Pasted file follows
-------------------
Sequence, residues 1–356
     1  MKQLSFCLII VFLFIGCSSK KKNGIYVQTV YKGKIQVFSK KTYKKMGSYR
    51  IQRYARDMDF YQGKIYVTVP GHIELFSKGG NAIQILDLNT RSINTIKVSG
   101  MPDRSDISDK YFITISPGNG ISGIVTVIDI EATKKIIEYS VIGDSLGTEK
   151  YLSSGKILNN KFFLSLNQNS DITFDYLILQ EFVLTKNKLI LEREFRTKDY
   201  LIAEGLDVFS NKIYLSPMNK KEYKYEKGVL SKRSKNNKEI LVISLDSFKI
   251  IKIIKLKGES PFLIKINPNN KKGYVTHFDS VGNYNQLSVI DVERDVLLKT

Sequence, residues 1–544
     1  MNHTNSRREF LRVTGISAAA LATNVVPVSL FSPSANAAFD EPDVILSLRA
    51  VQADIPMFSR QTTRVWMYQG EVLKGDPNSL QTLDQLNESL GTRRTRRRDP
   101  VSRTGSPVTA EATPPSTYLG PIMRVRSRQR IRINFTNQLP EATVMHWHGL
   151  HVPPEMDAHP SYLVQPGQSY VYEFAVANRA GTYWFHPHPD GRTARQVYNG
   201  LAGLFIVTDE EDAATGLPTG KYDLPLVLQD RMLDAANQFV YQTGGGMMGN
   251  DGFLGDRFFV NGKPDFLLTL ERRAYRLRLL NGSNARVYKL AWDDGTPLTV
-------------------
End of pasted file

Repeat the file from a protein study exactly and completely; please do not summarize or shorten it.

Sequence, residues 1–356
     1  MKQLSFCLII VFLFIGCSSK KKNGIYVQTV YKGKIQVFSK KTYKKMGSYR
    51  IQRYARDMDF YQGKIYVTVP GHIELFSKGG NAIQILDLNT RSINTIKVSG
   101  MPDRSDISDK YFITISPGNG ISGIVTVIDI EATKKIIEYS VIGDSLGTEK
   151  YLSSGKILNN KFFLSLNQNS DITFDYLILQ EFVLTKNKLI LEREFRTKDY
   201  LIAEGLDVFS NKIYLSPMNK KEYKYEKGVL SKRSKNNKEI LVISLDSFKI
   251  IKIIKLKGES PFLIKINPNN KKGYVTHFDS VGNYNQLSVI DVERDVLLKT

Sequence, residues 1–544
     1  MNHTNSRREF LRVTGISAAA LATNVVPVSL FSPSANAAFD EPDVILSLRA
    51  VQADIPMFSR QTTRVWMYQG EVLKGDPNSL QTLDQLNESL GTRRTRRRDP
   101  VSRTGSPVTA EATPPSTYLG PIMRVRSRQR IRINFTNQLP EATVMHWHGL
   151  HVPPEMDAHP SYLVQPGQSY VYEFAVANRA GTYWFHPHPD GRTARQVYNG
   201  LAGLFIVTDE EDAATGLPTG KYDLPLVLQD RMLDAANQFV YQTGGGMMGN
   251  DGFLGDRFFV NGKPDFLLTL ERRAYRLRLL NGSNARVYKL AWDDGTPLTV